9. Until you decide…why not share all the holiday stories of this time of year? The word “Christmas” is certainly tied to Christians but the season itself was swiped out from many other traditions. My son (6yo) just asked me the question: Is Santa real? Santa falls under belief…same as all religions. You can choose to believe all or none. The evergreen tree is a pagan tradition. Not religious. All the lights are from the Festival of Lights and from Solstice and the darkest time of the year. It’s such a wonderful smattering of many traditions…I don’t think it has to be an either/or.
    For the record, I’m nothing. I believe universal design and some notion of god but certainly not a big dude watching over us to judge our behavior (ever notice how Santa and God got really mixed up somehow?) But I love sharing all the various traditions with my son…if he chooses to believe in God or Santa or whatever…that’s cool.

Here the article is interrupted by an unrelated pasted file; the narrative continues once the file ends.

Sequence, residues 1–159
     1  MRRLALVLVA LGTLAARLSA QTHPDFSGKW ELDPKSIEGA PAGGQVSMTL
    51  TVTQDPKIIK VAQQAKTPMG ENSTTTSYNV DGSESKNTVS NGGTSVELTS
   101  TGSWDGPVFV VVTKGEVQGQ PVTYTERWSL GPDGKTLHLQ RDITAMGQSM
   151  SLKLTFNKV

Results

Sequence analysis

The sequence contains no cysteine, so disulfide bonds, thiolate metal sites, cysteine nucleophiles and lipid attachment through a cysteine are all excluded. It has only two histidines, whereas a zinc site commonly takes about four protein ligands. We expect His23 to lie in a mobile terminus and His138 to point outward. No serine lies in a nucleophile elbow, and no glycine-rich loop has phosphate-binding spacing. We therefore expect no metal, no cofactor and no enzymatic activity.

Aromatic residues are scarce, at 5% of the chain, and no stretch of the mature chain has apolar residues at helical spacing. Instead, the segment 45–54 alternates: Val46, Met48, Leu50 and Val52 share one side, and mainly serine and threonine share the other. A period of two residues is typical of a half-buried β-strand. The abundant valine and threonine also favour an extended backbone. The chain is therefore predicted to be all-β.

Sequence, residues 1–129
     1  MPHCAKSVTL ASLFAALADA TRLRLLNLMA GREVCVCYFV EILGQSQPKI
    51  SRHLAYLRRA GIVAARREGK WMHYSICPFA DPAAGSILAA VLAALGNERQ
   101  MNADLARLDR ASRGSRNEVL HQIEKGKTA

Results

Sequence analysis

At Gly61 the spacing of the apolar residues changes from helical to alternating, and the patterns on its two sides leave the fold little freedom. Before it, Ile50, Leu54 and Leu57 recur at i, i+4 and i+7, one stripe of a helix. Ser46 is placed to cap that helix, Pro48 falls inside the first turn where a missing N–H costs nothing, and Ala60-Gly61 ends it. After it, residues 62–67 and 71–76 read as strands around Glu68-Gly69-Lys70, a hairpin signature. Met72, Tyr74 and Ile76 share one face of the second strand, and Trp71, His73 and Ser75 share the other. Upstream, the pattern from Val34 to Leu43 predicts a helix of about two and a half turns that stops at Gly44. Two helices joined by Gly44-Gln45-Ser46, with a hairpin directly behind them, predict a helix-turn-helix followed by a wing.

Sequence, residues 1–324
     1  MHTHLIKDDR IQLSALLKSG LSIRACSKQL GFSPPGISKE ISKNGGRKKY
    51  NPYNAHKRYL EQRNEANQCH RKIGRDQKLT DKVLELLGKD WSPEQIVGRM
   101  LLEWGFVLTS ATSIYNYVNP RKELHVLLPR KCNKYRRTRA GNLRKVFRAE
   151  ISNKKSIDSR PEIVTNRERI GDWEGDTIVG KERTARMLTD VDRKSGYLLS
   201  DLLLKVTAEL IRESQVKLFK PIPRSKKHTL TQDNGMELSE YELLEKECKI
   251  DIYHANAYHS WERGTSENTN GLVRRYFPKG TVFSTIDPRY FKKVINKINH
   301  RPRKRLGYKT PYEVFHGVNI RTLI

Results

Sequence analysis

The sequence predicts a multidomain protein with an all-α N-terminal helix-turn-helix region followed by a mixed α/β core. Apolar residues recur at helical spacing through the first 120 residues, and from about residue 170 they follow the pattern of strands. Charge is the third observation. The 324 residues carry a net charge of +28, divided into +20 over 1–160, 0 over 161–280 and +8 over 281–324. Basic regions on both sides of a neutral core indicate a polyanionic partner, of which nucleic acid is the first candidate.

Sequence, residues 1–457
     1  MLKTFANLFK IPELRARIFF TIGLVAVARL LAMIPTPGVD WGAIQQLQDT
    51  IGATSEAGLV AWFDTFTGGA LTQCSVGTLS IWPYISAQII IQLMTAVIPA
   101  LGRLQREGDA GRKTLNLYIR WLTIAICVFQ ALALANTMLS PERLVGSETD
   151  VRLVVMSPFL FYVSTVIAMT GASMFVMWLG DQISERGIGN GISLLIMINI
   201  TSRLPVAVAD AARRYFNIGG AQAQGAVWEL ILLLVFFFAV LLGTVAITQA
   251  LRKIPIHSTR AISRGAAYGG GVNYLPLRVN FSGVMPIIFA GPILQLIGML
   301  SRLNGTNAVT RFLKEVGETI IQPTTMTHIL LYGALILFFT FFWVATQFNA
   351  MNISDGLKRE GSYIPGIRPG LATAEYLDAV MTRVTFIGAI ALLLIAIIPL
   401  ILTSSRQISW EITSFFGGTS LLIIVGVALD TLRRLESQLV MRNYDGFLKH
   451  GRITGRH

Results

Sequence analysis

10. I am catholic (not always good about church 😦 where as the husband is agnostic but we kind of take a light hearted appoarch to celebrating the holidays including Santa, and the story of Jesus birth…but I do not overthink it. The reality is you are just setting options in front of them and when they grow up they will pick their own path. Most of the time it can follow or go completely opposite so I just try to have fun. Right now just make some fun holidays of love and togetherness and remember they are not concerned with all of our “issues with religion, belief, non belief”(which I went through exploring most other religions and philosophies) they just see mommy with a christmas tree smiling as she digs through a stocking.


  11. Ha ha ha, I was totally going to call you on her outfit!! That to me was more important and glaring than the rest of your post! Just kidding, good post. 🙂


  12. I feel the need to state for the record, although this has absolutely nothing to do with the foregoing post, that I was not responsible for my daughter’s outfit in the picture above.